Chapter 8. Troubleshooting Dependencies

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8.1. Missing dependencies

The most common issue that can arise when you deploy an OSGi bundle into the Red Hat Fuse container is that one or more dependencies are missing. This problem shows itself when you try to resolve the bundle in the OSGi container, usually as a side effect of starting the bundle. The bundle fails to resolve (or start) and a ClassNotFound error is logged (to view the log, use the log:display console command or look at the log file in the FUSE_HOME/data/log directory).

There are two basic causes of a missing dependency: either a required feature or bundle is not installed in the container; or your bundle’s Import-Package header is incomplete.

8.2. Required features or bundles are not installed

Evidently, all features and bundles required by your bundle must already be installed in the OSGi container, before you attempt to resolve your bundle. In particular, because Apache Camel has a modular architecture, where each component is installed as a separate feature, it is easy to forget to install one of the required components.


Consider packaging your bundle as a feature. Using a feature, you can package your bundle together with all of its dependencies and thus ensure that they are all installed simultaneously. For details, see Chapter 9, Deploying Features.

8.3. Import-Package header is incomplete

If all of the required features and bundles are already installed and you are still getting a ClassNotFound error, this means that the Import-Package header in your bundle’s MANIFEST.MF file is incomplete. The maven-bundle-plugin (see Section 5.2, “Modifying an Existing Maven Project”) is a great help when it comes to generating your bundle’s Import-Package header, but you should note the following points:

  • Make sure that you include the wildcard, *, in the Import-Package element of the Maven bundle plug-in configuration. The wildcard directs the plug-in to scan your Java source code and automatically generates a list of package dependencies.
  • The Maven bundle plug-in is not able to figure out dynamic dependencies. For example, if your Java code explicitly calls a class loader to load a class dynamically, the bundle plug-in does not take this into account and the required Java package will not be listed in the generated Import-Package header.
  • If you define a Blueprint XML file (for example, in the OSGI-INF/blueprint directory), any dependencies arising from the Blueprint XML file are automatically resolved at run time.

8.4. How to track down missing dependencies

To track down missing dependencies, perform the following steps:

  1. Use the bundle:diag console command. This will provide information about why your bundle is inactive. See Apache Karaf Console Reference for usage information.
  2. Perform a quick check to ensure that all of the required bundles and features are actually installed in the OSGi container. You can use bundle:list to check which bundles are installed and features:list to check which features are installed.
  3. Install (but do not start) your bundle, using the bundle:install console command. For example:

    karaf@root()> bundle:install MyBundleURL
  4. Use the bundle:dynamic-import console command to enable dynamic imports on the bundle you just installed. For example, if the bundle ID of your bundle is 218, you would enable dynamic imports on this bundle by entering the following command:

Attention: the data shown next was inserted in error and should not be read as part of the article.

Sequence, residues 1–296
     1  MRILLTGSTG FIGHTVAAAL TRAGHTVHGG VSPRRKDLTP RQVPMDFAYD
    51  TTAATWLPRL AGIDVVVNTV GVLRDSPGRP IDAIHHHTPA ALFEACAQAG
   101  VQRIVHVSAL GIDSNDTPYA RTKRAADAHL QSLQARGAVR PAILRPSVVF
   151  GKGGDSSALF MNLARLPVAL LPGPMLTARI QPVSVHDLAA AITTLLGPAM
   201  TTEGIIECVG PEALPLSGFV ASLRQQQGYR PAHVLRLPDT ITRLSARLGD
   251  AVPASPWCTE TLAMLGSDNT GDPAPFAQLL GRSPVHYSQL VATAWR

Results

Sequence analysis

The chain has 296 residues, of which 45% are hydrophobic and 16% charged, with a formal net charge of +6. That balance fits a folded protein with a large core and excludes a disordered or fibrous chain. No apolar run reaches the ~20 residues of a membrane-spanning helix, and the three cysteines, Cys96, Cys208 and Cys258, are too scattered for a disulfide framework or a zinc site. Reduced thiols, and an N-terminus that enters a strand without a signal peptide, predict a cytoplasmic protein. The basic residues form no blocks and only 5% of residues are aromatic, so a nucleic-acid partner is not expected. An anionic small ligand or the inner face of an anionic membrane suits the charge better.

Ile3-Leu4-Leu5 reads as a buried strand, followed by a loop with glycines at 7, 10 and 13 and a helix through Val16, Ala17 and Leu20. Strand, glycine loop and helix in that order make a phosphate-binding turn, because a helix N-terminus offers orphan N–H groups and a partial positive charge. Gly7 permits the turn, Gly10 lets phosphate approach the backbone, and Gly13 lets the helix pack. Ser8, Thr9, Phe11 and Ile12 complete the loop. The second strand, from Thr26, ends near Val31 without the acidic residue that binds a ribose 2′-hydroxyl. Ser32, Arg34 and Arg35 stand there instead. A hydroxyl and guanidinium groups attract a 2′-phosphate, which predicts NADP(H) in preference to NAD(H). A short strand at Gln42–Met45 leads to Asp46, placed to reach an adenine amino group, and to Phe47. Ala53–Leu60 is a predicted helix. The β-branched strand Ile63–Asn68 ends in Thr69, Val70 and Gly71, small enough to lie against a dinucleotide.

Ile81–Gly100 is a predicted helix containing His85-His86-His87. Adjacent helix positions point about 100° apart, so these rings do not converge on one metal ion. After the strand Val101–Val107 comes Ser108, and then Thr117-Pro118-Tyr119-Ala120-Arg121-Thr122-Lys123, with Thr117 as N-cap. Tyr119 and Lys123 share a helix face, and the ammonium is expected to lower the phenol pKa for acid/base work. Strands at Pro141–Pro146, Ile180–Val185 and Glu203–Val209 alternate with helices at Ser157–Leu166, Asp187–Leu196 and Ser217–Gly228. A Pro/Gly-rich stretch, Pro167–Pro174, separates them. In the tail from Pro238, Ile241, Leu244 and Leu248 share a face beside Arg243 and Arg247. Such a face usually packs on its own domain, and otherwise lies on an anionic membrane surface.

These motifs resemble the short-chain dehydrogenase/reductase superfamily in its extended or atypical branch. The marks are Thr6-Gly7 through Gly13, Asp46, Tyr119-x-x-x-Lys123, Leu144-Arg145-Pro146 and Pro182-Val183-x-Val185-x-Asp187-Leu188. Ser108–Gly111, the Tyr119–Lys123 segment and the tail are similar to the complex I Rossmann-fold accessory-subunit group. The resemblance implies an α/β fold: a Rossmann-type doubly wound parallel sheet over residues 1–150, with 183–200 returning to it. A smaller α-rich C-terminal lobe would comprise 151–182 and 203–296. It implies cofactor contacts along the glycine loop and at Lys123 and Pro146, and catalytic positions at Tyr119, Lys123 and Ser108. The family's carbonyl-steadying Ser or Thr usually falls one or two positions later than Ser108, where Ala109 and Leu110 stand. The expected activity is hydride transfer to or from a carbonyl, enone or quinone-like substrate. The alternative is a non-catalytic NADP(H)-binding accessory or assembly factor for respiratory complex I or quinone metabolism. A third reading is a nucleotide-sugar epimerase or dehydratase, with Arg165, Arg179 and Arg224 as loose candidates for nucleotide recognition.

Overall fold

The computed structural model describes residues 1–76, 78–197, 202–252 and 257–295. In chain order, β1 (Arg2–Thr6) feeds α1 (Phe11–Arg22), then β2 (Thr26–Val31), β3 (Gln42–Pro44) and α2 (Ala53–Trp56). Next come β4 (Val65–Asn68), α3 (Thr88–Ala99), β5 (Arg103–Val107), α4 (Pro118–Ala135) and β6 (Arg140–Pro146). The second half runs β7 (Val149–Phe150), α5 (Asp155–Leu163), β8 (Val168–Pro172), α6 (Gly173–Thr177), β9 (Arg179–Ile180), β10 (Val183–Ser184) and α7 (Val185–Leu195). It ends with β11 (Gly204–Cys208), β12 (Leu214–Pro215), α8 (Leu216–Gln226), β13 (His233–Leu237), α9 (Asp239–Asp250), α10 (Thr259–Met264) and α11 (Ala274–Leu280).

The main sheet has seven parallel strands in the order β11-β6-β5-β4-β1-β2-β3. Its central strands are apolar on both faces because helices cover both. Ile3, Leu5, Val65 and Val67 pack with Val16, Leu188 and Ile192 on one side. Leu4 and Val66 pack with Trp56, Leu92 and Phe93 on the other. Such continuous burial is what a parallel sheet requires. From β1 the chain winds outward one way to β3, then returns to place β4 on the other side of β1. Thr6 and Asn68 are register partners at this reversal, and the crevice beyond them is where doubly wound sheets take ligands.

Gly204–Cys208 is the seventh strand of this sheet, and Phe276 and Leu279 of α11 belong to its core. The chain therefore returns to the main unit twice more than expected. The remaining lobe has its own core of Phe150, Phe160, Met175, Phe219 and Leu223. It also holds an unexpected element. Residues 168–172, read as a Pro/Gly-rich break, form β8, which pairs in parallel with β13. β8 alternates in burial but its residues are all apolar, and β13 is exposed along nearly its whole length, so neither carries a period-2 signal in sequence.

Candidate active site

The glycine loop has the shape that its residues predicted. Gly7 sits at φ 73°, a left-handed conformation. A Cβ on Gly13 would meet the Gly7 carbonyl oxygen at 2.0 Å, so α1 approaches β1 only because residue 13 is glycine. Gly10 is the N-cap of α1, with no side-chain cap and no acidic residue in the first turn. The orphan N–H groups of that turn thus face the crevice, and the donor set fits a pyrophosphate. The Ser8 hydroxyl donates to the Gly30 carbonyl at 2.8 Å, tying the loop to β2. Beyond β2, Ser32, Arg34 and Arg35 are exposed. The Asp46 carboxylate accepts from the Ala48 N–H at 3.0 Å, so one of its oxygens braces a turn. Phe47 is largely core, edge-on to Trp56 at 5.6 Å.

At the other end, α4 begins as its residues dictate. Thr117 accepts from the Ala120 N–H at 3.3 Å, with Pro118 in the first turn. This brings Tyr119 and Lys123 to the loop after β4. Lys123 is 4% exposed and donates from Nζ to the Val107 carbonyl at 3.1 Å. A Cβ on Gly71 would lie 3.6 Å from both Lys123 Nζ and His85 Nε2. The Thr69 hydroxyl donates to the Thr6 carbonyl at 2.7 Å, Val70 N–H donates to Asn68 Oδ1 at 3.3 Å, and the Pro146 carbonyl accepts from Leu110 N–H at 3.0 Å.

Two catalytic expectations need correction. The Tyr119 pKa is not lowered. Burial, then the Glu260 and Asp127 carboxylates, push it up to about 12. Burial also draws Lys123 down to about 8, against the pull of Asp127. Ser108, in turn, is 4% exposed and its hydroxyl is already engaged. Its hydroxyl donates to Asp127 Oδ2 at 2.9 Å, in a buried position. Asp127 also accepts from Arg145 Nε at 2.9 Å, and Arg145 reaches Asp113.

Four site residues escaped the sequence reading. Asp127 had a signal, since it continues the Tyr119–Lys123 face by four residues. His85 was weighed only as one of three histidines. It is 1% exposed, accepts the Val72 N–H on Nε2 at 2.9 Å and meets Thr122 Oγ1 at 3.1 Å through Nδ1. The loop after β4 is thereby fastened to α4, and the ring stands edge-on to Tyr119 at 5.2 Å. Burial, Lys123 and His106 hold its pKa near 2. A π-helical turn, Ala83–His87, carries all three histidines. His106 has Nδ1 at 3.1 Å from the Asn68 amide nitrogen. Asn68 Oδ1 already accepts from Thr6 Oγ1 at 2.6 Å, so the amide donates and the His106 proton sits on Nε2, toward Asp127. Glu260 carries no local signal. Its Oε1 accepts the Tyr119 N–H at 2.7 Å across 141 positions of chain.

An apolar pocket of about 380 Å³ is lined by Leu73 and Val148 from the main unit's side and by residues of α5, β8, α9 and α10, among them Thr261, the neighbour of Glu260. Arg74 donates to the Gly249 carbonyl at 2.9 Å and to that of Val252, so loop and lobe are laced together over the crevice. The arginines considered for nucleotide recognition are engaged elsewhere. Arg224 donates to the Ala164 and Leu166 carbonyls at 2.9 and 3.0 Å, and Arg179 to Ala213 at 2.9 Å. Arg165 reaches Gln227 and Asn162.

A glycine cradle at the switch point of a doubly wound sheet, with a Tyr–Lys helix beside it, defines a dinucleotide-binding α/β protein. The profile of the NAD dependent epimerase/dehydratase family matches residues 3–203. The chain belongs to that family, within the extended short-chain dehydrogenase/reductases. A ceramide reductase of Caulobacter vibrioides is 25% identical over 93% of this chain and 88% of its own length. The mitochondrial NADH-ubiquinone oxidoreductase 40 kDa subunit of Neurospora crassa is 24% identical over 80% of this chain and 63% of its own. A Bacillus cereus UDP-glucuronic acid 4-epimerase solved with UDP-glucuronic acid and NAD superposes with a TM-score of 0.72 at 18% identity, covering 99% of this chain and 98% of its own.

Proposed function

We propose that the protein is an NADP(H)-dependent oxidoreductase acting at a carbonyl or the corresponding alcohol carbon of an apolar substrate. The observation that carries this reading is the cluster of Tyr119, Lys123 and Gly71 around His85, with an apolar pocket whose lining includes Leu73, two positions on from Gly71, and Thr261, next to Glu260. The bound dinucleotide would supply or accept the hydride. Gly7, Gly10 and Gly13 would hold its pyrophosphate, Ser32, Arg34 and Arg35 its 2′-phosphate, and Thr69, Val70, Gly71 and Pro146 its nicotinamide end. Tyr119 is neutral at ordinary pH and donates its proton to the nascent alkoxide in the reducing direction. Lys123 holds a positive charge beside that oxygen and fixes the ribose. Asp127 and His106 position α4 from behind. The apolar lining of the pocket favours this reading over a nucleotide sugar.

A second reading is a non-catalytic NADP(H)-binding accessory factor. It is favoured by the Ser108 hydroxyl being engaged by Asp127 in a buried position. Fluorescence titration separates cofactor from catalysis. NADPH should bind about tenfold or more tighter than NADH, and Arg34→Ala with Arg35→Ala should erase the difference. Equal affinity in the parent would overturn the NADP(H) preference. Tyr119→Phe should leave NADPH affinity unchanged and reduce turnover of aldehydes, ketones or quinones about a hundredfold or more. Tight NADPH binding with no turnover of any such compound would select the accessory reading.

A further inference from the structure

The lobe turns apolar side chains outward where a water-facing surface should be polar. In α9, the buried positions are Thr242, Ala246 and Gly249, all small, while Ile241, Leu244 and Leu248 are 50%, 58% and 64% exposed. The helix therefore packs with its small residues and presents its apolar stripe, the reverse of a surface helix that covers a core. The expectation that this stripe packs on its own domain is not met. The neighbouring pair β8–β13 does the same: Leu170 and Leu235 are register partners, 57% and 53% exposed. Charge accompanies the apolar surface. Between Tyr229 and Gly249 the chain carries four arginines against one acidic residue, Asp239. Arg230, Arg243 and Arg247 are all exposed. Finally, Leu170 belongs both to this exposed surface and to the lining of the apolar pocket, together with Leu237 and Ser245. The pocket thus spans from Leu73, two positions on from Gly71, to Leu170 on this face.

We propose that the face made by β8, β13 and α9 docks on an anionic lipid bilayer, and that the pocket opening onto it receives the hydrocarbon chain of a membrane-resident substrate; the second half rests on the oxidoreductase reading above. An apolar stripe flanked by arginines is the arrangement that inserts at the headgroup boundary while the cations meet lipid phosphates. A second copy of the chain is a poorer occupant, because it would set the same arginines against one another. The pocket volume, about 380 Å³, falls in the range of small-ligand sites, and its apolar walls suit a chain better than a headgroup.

karaf@root()> bundle:dynamic-import 218

    This setting allows OSGi to resolve dependencies using any of the bundles already installed in the container, effectively bypassing the usual dependency resolution mechanism (based on the Import-Package header). This is not recommemded for normal deployment, because it bypasses version checks: you could easily pick up the wrong version of a package, causing your application to malfunction.

  5. You should now be able to resolve your bundle. For example, if your bundle ID is 218, enter the followng console command:

    karaf@root()> bundle:resolve 218
  6. Assuming your bundle is now resolved (check the bundle status using bundle:list), you can get a complete list of all the packages wired to your bundle using the package:imports command. For example, if your bundle ID is 218, enter the following console command:

    karaf@root()> package:imports -b 218

    You should see a list of dependent packages in the console window:

    Package                              │ Version       │ Optional   │ ID  │ Bundle Name
    org.apache.jasper.servlet            │ [2.2.0,3.0.0) │ resolved   │ 217 │ org.ops4j.pax.web.pax-web-runtime
    org.jasypt.encryption.pbe            │               │ resolved   │ 217 │ org.ops4j.pax.web.pax-web-runtime
    org.ops4j.pax.web.jsp                │ [7.0.0,)      │ resolved   │ 217 │ org.ops4j.pax.web.pax-web-runtime
    org.ops4j.pax.web.service.spi.model  │ [7.0.0,)      │            │ 217 │ org.ops4j.pax.web.pax-web-runtime
    org.ops4j.pax.web.service.spi.util   │ [7.0.0,)      │            │ 217 │ org.ops4j.pax.web.pax-web-runtime
  7. Unpack your bundle JAR file and look at the packages listed under the Import-Package header in the META-INF/MANIFEST.MF file. Compare this list with the list of packages found in the previous step. Now, compile a list of the packages that are missing from the manifest’s Import-Package header and add these package names to the Import-Package element of the Maven bundle plug-in configuration in your project’s POM file.
  8. To cancel the dynamic import option, you must uninstall the old bundle from the OSGi container. For example, if your bundle ID is 218, enter the following command:

    karaf@root()> bundle:uninstall 218
  9. You can now rebuild your bundle with the updated list of imported packages and test it in the OSGi container.

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